In this series, I’ll aim to explore the issue of diversity in gaming. What is it? Do we have it? How can we have it? And do we need it?
Initially I only intended for this series to be two parts, but after getting completely carried away as I always do, I’ve decided to make it three.
In part one we took a look at the issue of identity politics in gaming and a recent Twitter drama surrounding the Metroid star Samus Aran. But now it’s time to get a little more serious.
Let’s delve further into the topic of diversity in gaming and the so-called ‘war’ being waged against it. What role does the gaming press itself play in the quest for more inclusiveness and are they really helping? This lengthy part of this series will be a little more positive and less about silly internet dramas, I promise.
Journalism or propaganda?
Let’s be honest here, gaming journalism as it stands now is quite frankly a mess. There’s a growing divide between what gamers actually want and what a large portion of gaming journalists want them to want. It’s rife with cronyism, click-bait, manufactured outrage, sensationalist headlines, cultural policing, unethical behaviour and just plain lies.
The latest controversy that the games media is kicking up a fuss about wants you to be ashamed of? Quiet from Metal Gear solid V: The Phantom Pain. The games press doesn’t think Quiet’s outfit that she sports throughout most of the game is appropriate and they don’t think you should either. Now we’re all entitled to our opinions here and you may happen to agree with them. But I want you to take a look at this article below by Kotaku (who else?) and tell me that this is genuinely something you as a gamer want to read about on a video games website. At what point does games journalism stop being journalism and become plain propaganda?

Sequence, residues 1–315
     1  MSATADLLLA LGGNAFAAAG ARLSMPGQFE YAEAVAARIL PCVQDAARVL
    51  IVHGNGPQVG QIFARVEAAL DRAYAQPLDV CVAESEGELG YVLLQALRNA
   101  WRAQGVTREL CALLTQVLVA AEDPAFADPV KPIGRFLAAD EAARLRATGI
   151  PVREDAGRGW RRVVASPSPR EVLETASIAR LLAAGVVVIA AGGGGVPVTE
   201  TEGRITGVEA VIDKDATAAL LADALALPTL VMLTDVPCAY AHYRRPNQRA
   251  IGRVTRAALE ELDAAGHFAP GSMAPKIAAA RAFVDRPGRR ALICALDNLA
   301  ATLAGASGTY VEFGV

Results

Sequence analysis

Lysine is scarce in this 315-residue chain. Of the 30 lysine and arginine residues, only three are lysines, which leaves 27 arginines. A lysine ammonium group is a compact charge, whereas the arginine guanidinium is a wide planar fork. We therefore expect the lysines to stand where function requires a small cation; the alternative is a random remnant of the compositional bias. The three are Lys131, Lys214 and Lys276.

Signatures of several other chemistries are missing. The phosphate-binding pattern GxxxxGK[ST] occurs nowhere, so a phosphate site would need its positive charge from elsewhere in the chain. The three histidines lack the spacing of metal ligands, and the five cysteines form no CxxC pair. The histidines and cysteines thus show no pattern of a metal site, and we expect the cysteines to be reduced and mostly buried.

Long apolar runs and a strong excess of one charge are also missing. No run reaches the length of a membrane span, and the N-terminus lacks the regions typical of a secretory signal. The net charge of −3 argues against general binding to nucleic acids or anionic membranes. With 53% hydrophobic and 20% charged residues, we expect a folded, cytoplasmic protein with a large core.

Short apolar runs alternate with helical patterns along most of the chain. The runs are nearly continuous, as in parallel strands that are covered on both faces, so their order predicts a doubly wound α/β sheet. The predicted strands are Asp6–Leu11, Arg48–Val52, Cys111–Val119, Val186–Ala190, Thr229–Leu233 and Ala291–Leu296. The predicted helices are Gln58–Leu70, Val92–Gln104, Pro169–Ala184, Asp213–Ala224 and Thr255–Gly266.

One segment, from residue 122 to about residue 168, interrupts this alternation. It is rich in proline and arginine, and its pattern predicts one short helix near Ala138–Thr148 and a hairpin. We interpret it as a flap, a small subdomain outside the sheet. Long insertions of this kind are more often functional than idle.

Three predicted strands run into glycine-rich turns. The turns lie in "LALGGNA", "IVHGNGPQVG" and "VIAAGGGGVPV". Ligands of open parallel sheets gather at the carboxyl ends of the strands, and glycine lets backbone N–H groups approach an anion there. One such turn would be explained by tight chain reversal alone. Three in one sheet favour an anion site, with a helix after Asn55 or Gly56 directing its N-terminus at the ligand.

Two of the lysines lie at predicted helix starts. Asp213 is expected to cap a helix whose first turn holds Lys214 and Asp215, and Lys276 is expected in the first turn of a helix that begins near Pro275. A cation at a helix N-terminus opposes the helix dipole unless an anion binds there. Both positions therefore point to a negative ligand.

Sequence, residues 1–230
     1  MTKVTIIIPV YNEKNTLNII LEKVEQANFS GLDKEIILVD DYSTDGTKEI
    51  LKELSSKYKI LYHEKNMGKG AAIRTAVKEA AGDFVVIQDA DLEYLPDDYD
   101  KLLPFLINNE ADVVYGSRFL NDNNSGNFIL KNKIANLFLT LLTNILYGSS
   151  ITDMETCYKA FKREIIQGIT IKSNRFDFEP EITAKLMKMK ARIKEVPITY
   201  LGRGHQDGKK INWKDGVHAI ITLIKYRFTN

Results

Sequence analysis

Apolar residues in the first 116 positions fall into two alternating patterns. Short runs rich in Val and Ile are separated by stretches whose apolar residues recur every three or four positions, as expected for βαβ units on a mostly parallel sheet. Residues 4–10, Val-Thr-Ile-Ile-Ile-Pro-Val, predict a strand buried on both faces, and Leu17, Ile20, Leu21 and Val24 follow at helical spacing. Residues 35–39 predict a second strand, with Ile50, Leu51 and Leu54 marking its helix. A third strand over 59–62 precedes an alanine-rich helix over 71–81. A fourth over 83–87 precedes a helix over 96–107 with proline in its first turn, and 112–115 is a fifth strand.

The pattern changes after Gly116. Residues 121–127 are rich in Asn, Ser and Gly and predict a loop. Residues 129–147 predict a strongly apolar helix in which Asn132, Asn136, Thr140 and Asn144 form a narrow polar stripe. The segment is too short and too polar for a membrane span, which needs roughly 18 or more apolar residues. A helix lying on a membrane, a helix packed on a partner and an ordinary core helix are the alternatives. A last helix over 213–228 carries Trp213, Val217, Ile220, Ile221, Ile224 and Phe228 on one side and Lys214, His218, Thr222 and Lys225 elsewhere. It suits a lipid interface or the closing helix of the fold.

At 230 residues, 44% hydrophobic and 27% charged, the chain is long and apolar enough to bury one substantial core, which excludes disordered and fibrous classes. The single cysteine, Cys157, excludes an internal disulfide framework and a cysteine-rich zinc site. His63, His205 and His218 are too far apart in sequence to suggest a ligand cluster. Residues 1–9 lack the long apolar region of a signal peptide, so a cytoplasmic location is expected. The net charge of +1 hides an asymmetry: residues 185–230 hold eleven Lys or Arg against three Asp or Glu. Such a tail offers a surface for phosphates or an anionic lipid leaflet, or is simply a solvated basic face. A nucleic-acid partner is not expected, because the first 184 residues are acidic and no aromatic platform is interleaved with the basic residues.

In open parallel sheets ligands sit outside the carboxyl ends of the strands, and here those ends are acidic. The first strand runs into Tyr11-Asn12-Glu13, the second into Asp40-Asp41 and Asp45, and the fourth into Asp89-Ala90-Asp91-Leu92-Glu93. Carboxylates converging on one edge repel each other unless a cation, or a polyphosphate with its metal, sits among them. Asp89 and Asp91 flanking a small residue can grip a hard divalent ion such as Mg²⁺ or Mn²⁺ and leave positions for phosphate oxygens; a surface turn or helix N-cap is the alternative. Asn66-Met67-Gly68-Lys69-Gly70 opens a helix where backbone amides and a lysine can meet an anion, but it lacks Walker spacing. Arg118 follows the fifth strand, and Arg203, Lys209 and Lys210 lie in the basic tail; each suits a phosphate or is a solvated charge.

What’s even more troubling here is the complete disregard for the reader’s opinion on the topics at hand. When opinion-driven pieces like this are published and paraded around as gospel, many readers take to the comment sections to have their voices heard; as is their right. But what happens when your opinion isn’t the right one? What happens when the piece in question is factually incorrect, makes sweeping generalisations that you know aren’t true and you want to speak up? Well have no fear because these journalists have the answer: simply remove the comments in question under the guise of ‘creating safe spaces’ and ‘inclusivity’ or just simply shut down the comments section altogether as we’ve seen from sites like Polygon, The Daily Dot and PC Gamer.
It’s easy to brush-off differing opinions when you have shut yourself off from them completely, retreating into a ‘hug-box’ or sorts where your voice is the only one that matters and can be heard. “We’ll tell you how to feel, there’s no need for discussion here” is message I take away from this sort of censorship. What good is an idea that cannot be held up to public scrutiny and criticism? Why claim you want to have a discussion when you’re not willing to engage with your audience?
Using these kind of undermining tactics, the gaming press is pushing the newest gaming narrative: ‘Gaming isn’t just for white males any more’. But one has to wonder, has gaming ever been just for white males or is this simply using an outdated myth based on a stereotype to propagate the idea that gaming both lacks and needs more diversity?